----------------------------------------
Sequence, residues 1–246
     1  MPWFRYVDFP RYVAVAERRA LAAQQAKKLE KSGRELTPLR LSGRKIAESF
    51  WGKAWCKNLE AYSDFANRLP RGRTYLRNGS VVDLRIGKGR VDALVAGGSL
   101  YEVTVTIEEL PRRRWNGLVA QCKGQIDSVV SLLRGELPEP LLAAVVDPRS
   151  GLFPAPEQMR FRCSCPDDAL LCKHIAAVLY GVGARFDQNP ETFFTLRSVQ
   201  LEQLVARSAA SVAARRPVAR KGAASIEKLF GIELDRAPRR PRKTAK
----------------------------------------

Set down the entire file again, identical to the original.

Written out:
Sequence, residues 1–246
     1  MPWFRYVDFP RYVAVAERRA LAAQQAKKLE KSGRELTPLR LSGRKIAESF
    51  WGKAWCKNLE AYSDFANRLP RGRTYLRNGS VVDLRIGKGR VDALVAGGSL
   101  YEVTVTIEEL PRRRWNGLVA QCKGQIDSVV SLLRGELPEP LLAAVVDPRS
   151  GLFPAPEQMR FRCSCPDDAL LCKHIAAVLY GVGARFDQNP ETFFTLRSVQ
   201  LEQLVARSAA SVAARRPVAR KGAASIEKLF GIELDRAPRR PRKTAK